(July 7, 2011) In a unanimous decision, the California Supreme Court has sided with employers in an important court case addressing employer liability for employee actions at work and whether certain evidence may be used after the employer admits such liability.
The decision confirmed that when an employer admits vicarious liability, the plaintiff is barred from pursuing additional tort theories based on the employee/employer relationship.
The ruling in the case of Diaz v. Carcamo, et al. echoed an argument made by the California Chamber of Commerce and the Civil Justice Association of California (CJAC) in a friend-of-the-court brief filed last October.
No Additional Liability
The state Supreme Court agreed with the CalChamber/CJAC argument that once an employer admits vicarious liability for an employee driver’s negligence in causing an accident, the plaintiff cannot also pursue other legal theories, such as negligent hiring and/or retention, against the employer to recover additional damages.
The court upheld the policy rationale behind Proposition 51, a 1986 ballot initiative approved by voters to rein in inequitable damage awards by providing that parties to a negligence action pay no more than their respective percentage of fault for an injured party’s non-economic damages.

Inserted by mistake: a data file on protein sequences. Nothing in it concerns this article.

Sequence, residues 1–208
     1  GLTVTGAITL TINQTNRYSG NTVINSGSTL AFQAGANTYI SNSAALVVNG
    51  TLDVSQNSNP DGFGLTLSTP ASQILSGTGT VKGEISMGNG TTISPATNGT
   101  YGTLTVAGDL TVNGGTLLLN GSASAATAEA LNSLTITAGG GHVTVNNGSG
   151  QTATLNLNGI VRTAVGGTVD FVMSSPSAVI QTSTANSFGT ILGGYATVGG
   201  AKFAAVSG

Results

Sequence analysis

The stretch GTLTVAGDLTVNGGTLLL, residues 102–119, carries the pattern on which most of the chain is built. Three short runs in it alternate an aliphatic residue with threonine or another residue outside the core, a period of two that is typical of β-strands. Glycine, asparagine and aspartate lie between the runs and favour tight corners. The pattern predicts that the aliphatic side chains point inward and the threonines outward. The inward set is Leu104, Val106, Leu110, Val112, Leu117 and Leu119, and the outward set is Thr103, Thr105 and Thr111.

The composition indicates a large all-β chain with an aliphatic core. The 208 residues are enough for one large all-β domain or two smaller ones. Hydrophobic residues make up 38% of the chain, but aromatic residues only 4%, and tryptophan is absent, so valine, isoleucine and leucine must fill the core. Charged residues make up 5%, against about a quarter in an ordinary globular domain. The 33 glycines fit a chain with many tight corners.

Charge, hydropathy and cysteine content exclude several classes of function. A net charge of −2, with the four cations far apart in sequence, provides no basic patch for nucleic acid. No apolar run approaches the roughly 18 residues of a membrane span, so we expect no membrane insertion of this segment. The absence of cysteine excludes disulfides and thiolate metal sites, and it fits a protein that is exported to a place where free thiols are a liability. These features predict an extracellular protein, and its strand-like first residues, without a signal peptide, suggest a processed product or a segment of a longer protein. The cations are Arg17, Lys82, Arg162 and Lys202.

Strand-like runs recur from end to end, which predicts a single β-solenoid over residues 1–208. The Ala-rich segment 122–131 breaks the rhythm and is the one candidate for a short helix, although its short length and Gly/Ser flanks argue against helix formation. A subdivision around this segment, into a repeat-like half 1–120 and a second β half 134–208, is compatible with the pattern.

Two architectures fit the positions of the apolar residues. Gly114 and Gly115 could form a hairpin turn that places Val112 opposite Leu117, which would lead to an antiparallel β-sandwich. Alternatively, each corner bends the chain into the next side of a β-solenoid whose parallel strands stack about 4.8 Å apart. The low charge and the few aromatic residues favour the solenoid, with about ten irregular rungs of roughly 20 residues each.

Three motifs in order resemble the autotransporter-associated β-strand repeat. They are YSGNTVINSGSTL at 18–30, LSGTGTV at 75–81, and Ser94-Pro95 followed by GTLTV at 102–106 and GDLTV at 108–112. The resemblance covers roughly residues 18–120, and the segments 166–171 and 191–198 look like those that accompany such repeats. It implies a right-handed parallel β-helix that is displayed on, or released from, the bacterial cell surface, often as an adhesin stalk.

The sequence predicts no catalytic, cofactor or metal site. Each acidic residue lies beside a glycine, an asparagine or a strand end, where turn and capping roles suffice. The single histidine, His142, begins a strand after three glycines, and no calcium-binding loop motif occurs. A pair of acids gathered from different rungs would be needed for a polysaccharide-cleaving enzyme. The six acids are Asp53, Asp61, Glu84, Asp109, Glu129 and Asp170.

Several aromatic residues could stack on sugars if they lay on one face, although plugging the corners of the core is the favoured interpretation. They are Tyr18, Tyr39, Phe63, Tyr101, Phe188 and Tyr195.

Once the employer acknowledged its vicarious liability for the employee’s negligent driving in the course of employment, the Proposition 51 objective of allocating losses objectively “is not served by subjecting the employer to a second share of fault,” the court wrote. The court affirmed that for the purpose of allocating fault, the employer in essence steps into the shoes of the employee.
The Supreme Court returned the case to the trial court for a complete retrial.
Before the recent upswing in negligent hiring/retention cases, employers generally were held liable only for negligent and intentional acts of employees done in the course and scope of employment when such acts injured others, under the doctrine of respondeat superior. Under that doctrine, injured third parties generally could not recover against employers if the wrongful acts occurred outside the scope of the employee’s employment or were not in furtherance of the employer’s business.
Under the negligent hiring/retention doctrine, however, injured third parties have, in certain situations, successfully sued employers for negligent hiring/retention of employees who engage in criminal or violent acts that occur after working hours or outside the scope of employment. Negligent hiring/retention, therefore, enables plaintiffs to recover damages in situations where the employer previously was protected from liability.
Staff Contact: Erika Frank